More than 100 cities worldwide now get at least 70 per cent of their power from renewable sources, according to a new report by the environmental group CDP.
A new report by the environmental group CDP says that more than 100 cities worldwide now get at least 70 per cent of their power from renewable sources, such as hydro, geothermal, solar and wind. The list of green cities includes the Icelandic capital, Reykjavik — where geothermal and hydro-power are powering much of the city — and the Swiss city of Basel, where 100 per cent of renewable power comes from the city’s own energy supply company.
In the USA, the city of Burlington already obtains 100 per cent of its electricity from wind, solar, hydro, and biomass. Atlanta, San Diego and more than 50 other American cities are not there yet, but have committed to completing the transition to renewable energy sources by 2050.
Bolzano in Italy and Ljubljana in Slovenia obtain 100 per cent of their energy from hydropower, as does Winnipeg in Canada. Addis Ababa, in Ethiopia, and Quelimane, in Mozambique, also make the cut, with 100 per cent of their energy coming from hydropower.
The IEC has been facilitating the adoption of renewable energy (RE) for a number of years. For example, hydropower has been a focus of IEC work for more than 100 years.
IEC experts on hydraulic turbines prepare standards and technical reports for designing, manufacturing, commissioning, testing and operating hydraulic machines. These include turbines, storage pumps and pump-turbines of all types, as well as related equipment, such as speed governors and performance evaluation and testing.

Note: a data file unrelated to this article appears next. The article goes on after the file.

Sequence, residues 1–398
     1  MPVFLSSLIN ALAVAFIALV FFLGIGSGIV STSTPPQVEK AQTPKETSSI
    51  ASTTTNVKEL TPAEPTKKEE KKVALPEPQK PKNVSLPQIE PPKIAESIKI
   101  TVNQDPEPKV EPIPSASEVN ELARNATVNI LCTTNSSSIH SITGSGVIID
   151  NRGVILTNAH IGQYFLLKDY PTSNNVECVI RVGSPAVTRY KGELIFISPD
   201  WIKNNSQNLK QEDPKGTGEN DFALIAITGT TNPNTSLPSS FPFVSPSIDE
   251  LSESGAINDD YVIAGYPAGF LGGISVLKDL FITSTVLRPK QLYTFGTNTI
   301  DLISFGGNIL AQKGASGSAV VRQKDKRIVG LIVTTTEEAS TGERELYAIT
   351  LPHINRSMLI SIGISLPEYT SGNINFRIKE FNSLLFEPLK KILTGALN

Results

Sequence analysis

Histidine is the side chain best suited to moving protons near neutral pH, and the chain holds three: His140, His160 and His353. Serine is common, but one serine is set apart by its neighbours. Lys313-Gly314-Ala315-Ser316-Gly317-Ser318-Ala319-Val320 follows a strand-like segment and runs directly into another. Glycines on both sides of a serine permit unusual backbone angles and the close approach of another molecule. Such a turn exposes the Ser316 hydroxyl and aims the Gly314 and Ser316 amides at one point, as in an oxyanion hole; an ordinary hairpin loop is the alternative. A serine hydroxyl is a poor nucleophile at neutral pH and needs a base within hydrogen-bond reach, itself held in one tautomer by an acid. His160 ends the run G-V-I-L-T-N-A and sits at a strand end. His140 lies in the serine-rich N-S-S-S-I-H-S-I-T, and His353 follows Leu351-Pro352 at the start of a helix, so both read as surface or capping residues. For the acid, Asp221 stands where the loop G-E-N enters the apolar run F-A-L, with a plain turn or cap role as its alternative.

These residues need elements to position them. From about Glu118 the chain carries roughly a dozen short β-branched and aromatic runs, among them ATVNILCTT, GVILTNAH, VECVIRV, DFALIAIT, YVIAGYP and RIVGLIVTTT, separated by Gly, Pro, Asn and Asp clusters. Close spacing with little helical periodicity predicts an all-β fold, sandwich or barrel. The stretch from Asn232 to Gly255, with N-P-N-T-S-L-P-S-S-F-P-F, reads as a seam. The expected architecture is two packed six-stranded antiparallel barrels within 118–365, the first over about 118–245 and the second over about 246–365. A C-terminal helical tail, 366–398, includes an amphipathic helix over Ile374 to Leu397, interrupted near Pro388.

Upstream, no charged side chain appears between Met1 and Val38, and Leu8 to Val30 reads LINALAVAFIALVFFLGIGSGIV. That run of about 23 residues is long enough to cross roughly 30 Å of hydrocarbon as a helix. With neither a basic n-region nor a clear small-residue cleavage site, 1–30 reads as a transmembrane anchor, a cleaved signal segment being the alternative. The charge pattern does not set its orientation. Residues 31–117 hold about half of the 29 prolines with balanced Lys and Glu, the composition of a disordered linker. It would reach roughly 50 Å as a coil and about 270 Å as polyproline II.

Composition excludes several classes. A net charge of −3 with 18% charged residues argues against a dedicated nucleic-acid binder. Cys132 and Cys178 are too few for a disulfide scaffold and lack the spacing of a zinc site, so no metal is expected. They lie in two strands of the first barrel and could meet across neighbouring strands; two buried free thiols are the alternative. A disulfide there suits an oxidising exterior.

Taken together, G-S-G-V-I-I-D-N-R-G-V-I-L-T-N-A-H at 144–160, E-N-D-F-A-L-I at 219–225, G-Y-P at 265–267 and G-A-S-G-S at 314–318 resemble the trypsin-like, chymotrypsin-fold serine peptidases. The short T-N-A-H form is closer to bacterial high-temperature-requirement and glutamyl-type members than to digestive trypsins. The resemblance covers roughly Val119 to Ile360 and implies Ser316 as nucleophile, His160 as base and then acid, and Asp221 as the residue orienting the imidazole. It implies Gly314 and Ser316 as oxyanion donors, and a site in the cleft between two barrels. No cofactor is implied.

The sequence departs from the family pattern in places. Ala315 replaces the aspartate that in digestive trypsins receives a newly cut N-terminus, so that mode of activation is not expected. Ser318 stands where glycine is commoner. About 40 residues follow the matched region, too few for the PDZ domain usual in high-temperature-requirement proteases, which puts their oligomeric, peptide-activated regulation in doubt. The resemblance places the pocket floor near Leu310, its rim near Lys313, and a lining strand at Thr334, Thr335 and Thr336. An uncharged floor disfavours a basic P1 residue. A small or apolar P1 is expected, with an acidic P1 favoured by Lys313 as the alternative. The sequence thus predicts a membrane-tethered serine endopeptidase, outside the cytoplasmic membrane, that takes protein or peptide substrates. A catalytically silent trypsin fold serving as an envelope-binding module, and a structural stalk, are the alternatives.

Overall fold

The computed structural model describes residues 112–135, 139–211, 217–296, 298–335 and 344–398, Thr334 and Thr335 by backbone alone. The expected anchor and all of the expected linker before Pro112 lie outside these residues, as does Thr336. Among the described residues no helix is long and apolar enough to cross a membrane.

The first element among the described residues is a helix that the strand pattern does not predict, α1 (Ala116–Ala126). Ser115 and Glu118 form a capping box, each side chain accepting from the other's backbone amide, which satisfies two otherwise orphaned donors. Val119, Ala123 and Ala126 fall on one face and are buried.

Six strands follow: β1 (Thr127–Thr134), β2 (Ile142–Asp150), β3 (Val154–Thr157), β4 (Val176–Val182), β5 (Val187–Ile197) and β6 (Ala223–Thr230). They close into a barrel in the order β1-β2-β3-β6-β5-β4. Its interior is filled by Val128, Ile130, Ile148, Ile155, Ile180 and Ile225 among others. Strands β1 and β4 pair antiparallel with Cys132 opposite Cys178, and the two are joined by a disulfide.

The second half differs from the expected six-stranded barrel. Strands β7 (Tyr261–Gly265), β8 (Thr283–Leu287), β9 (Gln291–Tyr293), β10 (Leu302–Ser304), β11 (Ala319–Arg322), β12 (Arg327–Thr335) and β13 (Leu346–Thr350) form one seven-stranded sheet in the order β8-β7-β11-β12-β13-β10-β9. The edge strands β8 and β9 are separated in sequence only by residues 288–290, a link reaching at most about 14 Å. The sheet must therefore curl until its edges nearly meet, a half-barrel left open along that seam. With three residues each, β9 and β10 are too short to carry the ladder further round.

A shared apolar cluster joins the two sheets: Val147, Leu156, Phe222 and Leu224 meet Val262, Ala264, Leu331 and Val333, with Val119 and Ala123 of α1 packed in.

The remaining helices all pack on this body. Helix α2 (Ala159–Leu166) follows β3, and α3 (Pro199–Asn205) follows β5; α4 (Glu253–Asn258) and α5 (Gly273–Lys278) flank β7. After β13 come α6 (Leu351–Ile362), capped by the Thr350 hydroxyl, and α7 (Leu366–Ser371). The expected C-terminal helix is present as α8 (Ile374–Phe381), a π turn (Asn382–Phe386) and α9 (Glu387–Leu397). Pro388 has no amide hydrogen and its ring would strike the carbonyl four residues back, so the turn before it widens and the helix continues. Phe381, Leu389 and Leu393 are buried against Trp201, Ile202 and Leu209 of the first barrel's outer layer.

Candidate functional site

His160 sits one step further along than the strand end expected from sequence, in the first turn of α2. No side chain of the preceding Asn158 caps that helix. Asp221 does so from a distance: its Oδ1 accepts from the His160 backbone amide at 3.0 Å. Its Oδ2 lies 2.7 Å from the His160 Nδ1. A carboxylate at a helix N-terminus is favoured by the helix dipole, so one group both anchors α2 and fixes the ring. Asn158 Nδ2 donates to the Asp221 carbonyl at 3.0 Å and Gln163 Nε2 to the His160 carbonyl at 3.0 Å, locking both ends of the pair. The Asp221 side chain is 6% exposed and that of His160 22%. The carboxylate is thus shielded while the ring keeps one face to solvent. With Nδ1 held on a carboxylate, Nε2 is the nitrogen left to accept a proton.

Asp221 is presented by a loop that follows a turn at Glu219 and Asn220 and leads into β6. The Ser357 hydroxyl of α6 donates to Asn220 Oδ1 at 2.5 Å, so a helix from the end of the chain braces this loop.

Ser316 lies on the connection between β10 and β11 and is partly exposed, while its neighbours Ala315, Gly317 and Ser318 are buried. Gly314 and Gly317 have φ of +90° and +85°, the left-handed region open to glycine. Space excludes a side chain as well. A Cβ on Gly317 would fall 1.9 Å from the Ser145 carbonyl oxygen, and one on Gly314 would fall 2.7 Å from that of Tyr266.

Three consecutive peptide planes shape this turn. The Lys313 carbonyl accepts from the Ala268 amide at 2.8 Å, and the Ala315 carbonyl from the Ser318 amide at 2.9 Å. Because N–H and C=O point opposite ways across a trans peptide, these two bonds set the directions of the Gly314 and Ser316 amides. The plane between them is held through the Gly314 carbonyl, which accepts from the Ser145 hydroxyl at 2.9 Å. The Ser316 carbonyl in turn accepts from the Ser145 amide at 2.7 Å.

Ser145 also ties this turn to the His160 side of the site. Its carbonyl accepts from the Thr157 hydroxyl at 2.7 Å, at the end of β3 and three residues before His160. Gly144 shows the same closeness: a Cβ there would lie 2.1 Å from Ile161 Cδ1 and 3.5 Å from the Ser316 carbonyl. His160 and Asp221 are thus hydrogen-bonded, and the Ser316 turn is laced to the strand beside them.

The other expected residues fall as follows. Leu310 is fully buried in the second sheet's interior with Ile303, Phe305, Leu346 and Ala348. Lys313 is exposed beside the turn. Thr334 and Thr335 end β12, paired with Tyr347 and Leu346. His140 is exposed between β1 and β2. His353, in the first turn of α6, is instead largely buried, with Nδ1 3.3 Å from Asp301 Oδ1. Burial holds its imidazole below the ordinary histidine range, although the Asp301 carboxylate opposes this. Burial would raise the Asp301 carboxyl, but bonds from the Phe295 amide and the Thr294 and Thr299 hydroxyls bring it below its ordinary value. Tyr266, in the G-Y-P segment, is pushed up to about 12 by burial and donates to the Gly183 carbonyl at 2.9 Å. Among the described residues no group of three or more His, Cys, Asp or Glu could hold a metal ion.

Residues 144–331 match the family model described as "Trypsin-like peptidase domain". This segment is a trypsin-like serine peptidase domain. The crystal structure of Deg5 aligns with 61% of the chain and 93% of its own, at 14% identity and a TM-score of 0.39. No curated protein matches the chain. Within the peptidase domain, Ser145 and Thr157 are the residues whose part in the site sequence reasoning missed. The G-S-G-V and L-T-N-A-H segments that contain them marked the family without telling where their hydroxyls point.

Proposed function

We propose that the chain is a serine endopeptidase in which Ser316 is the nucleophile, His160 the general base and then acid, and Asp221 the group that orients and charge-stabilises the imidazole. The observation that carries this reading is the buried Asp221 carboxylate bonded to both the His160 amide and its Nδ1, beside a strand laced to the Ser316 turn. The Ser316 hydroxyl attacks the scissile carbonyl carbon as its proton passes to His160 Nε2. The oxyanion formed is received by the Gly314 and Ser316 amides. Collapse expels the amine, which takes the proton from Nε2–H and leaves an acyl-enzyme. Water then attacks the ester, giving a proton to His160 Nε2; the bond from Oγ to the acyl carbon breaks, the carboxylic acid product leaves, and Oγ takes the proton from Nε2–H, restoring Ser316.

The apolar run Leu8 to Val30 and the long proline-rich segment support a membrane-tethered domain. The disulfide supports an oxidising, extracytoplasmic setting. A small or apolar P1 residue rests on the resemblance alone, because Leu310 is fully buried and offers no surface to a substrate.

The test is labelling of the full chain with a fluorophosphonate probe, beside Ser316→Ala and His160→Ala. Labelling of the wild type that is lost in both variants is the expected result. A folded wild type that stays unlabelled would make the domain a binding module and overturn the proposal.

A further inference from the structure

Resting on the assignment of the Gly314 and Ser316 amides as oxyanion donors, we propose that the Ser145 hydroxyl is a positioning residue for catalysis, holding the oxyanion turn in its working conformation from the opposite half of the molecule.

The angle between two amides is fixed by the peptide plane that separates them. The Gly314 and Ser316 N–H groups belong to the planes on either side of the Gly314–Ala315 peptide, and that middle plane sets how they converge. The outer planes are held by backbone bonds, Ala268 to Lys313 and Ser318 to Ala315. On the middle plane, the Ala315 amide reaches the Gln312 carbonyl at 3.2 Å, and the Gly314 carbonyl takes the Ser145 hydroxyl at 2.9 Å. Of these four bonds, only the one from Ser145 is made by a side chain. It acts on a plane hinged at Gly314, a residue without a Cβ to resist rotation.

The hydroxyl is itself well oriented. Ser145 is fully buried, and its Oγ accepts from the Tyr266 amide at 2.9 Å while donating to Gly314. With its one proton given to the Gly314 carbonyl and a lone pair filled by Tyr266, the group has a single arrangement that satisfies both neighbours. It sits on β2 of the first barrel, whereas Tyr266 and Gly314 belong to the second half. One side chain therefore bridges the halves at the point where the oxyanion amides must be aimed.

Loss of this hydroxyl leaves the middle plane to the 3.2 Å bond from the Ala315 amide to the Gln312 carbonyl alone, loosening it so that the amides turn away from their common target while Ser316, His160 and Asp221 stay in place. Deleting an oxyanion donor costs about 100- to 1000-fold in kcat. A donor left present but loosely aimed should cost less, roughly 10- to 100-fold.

IEC experts are developing International Standards for thermal power plants, which use steam turbines to convert heat and steam into power. Steam turbines are used in geothermal installations, as well as solar thermal power plants.
IEC experts in the area of solar photovoltaic energy systems, produce International Standards enabling systems to convert solar into electrical energy, including the IEC 60904 series of Standards. Wind energy generation systems is another priority area.
The IEC is leading efforts to promote the benefits of low voltage direct current (LVDC). In an energy-hungry world, LVDC provides affordable, safe electricity access even to those who do not have access to the grid.
LVDC is fully in line with the UN’s Sustainable Development Goal 7, of providing universal access to affordable, reliable and modern energy services by 2030. You can read more about the IEC’s work in this area here.
IEC experts in the area of secondary cells and batteries have been publishing Standards in the area of renewable energy storage, both on-grid and off-grid. To deal more effectively with rechargeable renewable energy storage systems, they are collaborating closely with technologists developing Standards related to secondary cells and batteries for renewable energy storage.
An important part of the work of IEC experts is providing the tools to ensure that electro-technical products and equipment conform to international technical and safety Standards. The IEC System for Certification to Standards Relating to Equipment for Use in Renewable Energy Applications (IECRE System) aims to facilitate international trade in equipment and services for use in Renewable Energy Sectors while maintaining the required level of safety.
IECRE was set up in 2014 to provide a global framework for independent assessment of equipment and services related to renewable energy (RE) applications. The System uses International Standards developed by IEC technology experts in the following areas:
- Solar photovoltaic energy systems
- Wind energy generation systems
- Marine energy (including wave, tidal and other water current converters)
International Standards are playing a critical role as cities move towards renewable energy. They not only offer protection against fake and defective products, but also ensure efficiency and interoperability.